Beberlyn was 9 years old in January 2009. A quiet shy girl, she lived with her family in a stick and mud house in El Carrizo, Honduras. She suffered from severe asthma attacks, which left her frail and reserved. She loved school, and was preparing to start fourth grade, but she knew that she would only be able to go for a few more years.
Beberlyn’s school had no electricity, two teachers, six grades, and a few worn-out, government-issued workbooks. The children were destined after six grades to help their mother with chores for a few years – collecting fire wood for cooking; carrying water from the community well; washing clothes by hand; looking after the younger siblings. In their mid-teens, the young men would begin working as day laborers in the nearby melon and cane fields, and the young women would start having babies. So going to school mattered little – there was no rush – and nowhere else to go. For the families of El Carrizo, the cycle of life and poverty seemed inescapable.
All this changed for Beberlyn in 2009. She got a “beca” – a sponsorship provided by a donor through Sharefish. With the sponsorship money, her family encouraged Beberlyn to stay in school. The monthly payments covered her school uniform and supplies. And the fmily saved a little extra to buy food and help with other household expenses. Not only was Beberlyn progressing in school, through her beca she was now helping support her family.
She did not have an easy road. Her health issues caused her to miss days in school that she had to make up. The transition to middle school was difficult. She had to compete with students who had come from the city schools with better resources. Her grades slumped and she feared that she would fail and lose her sponsorship. But she never quit.
The breakthrough for Beberlyn came in the tenth grade. She was hitting her stride as a student and as a young woman. As her grades climbed, so did her self-confidence. Because of her own health problems, she wanted to work in medicine. She began talking about becoming a nurse; then she began talking about becoming a doctor.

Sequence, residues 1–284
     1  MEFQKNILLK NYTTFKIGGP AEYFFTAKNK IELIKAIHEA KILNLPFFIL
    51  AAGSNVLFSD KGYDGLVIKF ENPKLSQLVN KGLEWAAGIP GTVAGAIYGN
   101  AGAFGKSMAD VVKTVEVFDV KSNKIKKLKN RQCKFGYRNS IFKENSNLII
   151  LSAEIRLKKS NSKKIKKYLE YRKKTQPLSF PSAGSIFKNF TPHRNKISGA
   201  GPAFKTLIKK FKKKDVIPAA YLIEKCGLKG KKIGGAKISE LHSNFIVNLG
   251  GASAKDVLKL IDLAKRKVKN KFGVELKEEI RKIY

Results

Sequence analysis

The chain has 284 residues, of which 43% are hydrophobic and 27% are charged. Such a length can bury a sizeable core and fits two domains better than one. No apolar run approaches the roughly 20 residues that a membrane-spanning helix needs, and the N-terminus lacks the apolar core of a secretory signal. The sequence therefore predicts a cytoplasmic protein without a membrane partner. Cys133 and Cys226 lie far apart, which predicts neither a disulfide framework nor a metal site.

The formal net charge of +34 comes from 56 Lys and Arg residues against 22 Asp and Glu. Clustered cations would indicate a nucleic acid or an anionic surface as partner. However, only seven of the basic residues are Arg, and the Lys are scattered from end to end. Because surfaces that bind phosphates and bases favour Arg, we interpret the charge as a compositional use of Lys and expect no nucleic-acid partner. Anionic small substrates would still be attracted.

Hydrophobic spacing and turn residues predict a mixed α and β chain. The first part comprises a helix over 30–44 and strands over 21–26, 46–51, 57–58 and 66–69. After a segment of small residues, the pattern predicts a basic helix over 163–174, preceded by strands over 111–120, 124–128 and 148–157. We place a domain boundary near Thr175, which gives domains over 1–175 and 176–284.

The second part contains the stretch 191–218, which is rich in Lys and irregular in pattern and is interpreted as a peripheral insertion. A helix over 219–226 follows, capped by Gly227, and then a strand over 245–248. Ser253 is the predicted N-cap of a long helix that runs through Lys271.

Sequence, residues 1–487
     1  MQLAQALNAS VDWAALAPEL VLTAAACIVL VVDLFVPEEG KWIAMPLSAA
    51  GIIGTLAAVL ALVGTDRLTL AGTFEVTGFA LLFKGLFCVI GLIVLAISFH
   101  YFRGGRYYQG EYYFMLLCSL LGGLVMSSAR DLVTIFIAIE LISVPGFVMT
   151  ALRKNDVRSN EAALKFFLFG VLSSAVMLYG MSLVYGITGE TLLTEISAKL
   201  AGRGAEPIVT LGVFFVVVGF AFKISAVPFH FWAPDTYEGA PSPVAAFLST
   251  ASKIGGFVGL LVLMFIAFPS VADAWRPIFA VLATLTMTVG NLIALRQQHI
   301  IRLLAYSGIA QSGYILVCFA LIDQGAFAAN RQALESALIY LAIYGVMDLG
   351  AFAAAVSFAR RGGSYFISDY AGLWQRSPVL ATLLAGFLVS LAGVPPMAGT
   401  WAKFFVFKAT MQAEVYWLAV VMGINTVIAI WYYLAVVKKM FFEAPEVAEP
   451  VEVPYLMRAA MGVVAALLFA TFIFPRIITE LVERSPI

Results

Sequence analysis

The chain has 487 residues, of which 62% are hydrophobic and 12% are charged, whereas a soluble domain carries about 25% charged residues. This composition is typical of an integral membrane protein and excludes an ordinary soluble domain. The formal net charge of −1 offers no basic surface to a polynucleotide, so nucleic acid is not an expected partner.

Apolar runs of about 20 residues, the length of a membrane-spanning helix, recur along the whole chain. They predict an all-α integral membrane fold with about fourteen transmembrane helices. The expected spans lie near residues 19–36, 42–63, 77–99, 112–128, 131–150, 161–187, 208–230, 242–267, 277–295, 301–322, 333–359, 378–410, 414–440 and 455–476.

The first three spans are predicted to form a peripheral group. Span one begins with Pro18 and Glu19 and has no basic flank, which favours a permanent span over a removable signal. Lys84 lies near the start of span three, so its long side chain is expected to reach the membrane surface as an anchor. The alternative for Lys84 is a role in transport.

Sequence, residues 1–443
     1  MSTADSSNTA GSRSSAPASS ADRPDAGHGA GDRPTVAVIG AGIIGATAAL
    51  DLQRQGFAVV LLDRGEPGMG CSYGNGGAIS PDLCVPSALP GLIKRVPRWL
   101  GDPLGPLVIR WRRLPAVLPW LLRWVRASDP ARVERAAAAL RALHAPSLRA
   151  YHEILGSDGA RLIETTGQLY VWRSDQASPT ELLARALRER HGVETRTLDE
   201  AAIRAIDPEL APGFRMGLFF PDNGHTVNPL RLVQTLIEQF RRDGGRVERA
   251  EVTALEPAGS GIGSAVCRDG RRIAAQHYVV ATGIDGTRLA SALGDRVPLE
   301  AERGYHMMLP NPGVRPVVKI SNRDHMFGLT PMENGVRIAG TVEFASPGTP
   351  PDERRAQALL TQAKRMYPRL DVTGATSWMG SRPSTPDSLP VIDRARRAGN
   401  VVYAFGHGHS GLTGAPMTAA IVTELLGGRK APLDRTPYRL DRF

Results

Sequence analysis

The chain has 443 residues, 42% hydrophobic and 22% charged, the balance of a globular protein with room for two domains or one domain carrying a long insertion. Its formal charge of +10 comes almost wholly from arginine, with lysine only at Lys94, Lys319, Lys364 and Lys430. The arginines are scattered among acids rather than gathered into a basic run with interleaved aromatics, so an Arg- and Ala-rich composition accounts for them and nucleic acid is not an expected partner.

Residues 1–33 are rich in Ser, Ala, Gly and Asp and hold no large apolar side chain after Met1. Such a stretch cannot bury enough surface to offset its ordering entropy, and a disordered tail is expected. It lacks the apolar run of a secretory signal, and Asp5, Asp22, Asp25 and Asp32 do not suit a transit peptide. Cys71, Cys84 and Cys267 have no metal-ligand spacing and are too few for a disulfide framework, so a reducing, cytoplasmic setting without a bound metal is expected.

Beberlyn has just completed eleventh grade as one of the top students in Choluteca – the largest city in southern Honduras. She is in the high school medical science program. With her colleagues she is traveling to rural communities to give health education classes about the importance of diet and good hygene. When she graduates next year, she will have a degree that will allow her to work as a medical technician or assistant nurse, or to apply to nursing school or medical school.
Beberlyn wants to take the medical school entrance exam. It’s an uphill battle, and if she passes she will have to leave her family to attend medical school for eight years in Tegucigalpa, the capital of Honduras located more than three hours north of El Carrizo. Beberlyn has never traveled that far from home, but she is determined. If she gets in, with the continued support of her sponsorship, she has a good chance of becoming Dr. Beberlyn. Quite a journey for a shy, impoverished nine-year-old girl from El Carrizo.
There are other Beberlyns in El Carrizo – children who are receiving becas through Sharefish sponsors and advancing in school far beyond what was available to them just a few years ago. Their stories and levels of success vary, but they share a common hope made possible through new educational opportunities. But for every Beberlyn there are many others who do not have the support of a sponsor and are still caught in the cycle of poverty.
A beca is not just money, it is a lifeline of hope. Sharefish sponsors are not just donors, they are heroes who provide the children of El Carrizo an avenue of escape from the crushing poverty so prevalent in their world. We need more heroes, because every Beberlyn deserves a chance.